Monday, February 18, 2008

Time Stops Here

Below is a story I wrote for a theme lit mag called The First Line. They give you the first line, you write a story from it. (This submission period's first line is in italics.) Needless to say, I didn't get this one published. (If I had, I wouldn't be able to post it here.) I suppose I could've reworked it and submitted it somewhere else, but for me, it's had its run.

I hope you enjoy it as much as I enjoyed writing it.


Time Stops Here

In Pigwell, time is not measured by days or weeks but by the number of eighteen wheelers that drive past my house. So, my guess is when the factory shut down, time couldn’t help but stop.

Don’t it seem like nothing ever stops all at once? This place really ain’t any different. What happened here was more like the last puddle in a drought, though; it just gets smaller and smaller until there ain’t nothin’ left but mud. One month the trucks were flowin’ by—headed west with steel and wire and crates of who-knows-what; headed east with big boxes of stuff from the factory. The next month, the trucks were only headed east. Last time a semi went through here, it didn’t carry anythin’ but the innards of a man’s gutted future.

Pigwell never was great or sprawlin’ by anyone’s standards, but after the factory went belly-up, this town rolled over with it. Since pretty much everyone who lived here worked there, it wasn’t really any big surprise. At least not to me it wasn’t. I saw it comin’. All those people without any money, and the stores couldn’t help but dry up and blow away, like the dust of a ruined riverbed.

You know what they say: “Last one out’s a rotten egg.”

Looks like I’m gonna be the rotten egg in this one.

If I didn’t own the only bar left in this town, I probably woulda blown away like all the rest of ‘em. But no matter how tight a man’s pocketbook gets, it’s never so empty he can’t squeeze out a little cash to get himself tight, too. Like my daddy always said, “Booze don’t make the hurtin’ go away but it sure does lubricate the trip.”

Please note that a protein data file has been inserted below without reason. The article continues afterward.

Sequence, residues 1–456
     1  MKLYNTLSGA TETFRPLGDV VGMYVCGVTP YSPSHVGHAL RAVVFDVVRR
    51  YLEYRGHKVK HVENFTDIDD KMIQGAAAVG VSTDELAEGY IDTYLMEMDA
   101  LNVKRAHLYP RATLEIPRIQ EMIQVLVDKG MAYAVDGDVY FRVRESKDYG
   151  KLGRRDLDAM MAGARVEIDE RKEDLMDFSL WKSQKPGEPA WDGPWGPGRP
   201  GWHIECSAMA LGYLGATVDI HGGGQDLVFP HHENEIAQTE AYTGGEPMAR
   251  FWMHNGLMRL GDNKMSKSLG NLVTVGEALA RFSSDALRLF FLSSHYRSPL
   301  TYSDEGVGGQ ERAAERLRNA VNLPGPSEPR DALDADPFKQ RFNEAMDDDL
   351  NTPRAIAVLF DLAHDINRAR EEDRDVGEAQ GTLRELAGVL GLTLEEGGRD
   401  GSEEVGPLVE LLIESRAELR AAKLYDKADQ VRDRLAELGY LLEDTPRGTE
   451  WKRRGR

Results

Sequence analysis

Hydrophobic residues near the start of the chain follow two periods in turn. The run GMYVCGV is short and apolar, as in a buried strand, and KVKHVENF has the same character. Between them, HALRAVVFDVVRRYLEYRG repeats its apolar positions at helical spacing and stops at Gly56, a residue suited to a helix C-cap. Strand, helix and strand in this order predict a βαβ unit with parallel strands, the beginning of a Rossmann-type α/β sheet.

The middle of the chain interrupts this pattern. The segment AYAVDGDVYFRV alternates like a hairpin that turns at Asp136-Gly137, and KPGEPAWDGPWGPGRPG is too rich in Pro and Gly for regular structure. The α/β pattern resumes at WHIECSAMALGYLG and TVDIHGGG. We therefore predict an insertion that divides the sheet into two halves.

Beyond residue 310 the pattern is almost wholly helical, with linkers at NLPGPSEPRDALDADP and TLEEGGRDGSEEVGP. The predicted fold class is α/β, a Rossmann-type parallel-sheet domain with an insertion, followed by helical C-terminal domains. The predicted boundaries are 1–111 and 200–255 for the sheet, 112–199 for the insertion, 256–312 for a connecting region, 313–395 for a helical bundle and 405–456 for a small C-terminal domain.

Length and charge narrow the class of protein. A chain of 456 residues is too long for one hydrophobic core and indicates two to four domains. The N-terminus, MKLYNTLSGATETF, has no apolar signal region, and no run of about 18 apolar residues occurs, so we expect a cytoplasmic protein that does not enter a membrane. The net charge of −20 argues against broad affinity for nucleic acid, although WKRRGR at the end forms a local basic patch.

I suppose when the money dries up completely, I’ll be outta here myself.

When Frank Petrie came here a dozen years ago and built his factory out in the scrubby fields, I bet he never saw this comin’. Of course, the Frank Petrie I met years ago wouldn’a been able to see it. He was so damn full of life then, he fairly crackled with it. The whole mess is too damn bad if you ask me. A man puts everythin’ he is into buildin’ his dream—into breakin’ out on his own—only to see it crap out on him; that, sir, is a horror no man should hafta face. Frank faced it for as long as he could, I guess, but finally, he couldn’t take it no more. I saw him leavin’ town a while back. He stopped in here for one last belt.

He wasn’t cracklin’ anymore; he was crawlin’.

The other day, Danny Watkins—he was Frank’s foreman once upon a time… Well, Danny was in here, sittin’ at my bar, doin’ his best to crawl into the bottom of one of my whiskey bottles. All of a sudden, he started goin’ on and on about how Frank Petrie was a crook, and how he’d screwed Pigwell. Before I knew it, I was mad as a wet cat. I cut him off of my booze, then I told him to get the hell out of my bar. That shut him up, and he got real sorry then, but he shoulda known better than to talk that kind of trash in my place. He’s banned for life. Well, he’s banned for as long as I own this place, which don’t look like it’s gonna be too much longer.

Don’t get me wrong. Danny was one of the only people left in town with money, but no amount of money from him or anyone else is ever gonna be enough for me to put up with that crap. Especially not in my own place.

After all, Danny Watkins’s kind of thinkin’ is what got folks into this mess in the first place, only they don’t know it. Don’t shake your head at me. I’ve had more than my fair share of time to think about it. It’s what killed the factory, and this hole some idiot christened Pigwell along with it.

What most folks don’t know is that a man can work himself damn near to death buildin’ something for himself and while he’s doin’ that, other people can work along with him—each profitin’ from it in their own way. Frank worked his ass off for that place. All the folks here, as long as they were willin’ to put in the work, got pretty comfortable off Frank’s place. Everything was goin’ fine until one day, those fools got to thinkin’ that because they worked so hard and all, they were entitled to somethin’ more.

Old foreman Danny got them all together and decided they were gonna ask the owner for a cut—their share of the money, they said. The damned fools didn’t know they were already gettin’ a cut every time they got a paycheck. I mean, Christ, half of them guys didn’t even graduate high school and they were makin’ more than some college fellas I know.

Well, this little… uh… idea of theirs came right after they’d all gotten their fat yearly raises, but the money still wasn’t enough. They saw the owner driving a Mercedes while they were driving Chevys; they saw him living in a big house in the valley while they were living in town. So, they figured they deserved a bigger piece of the pie. Of course, when they asked Frank he said ‘not yet’. He wouldn’t have minded, but it wasn’t the time for spendin’ money. Seems he was waitin’ for a big order to come through, and he had to sink every spare penny into buyin’ raw materials.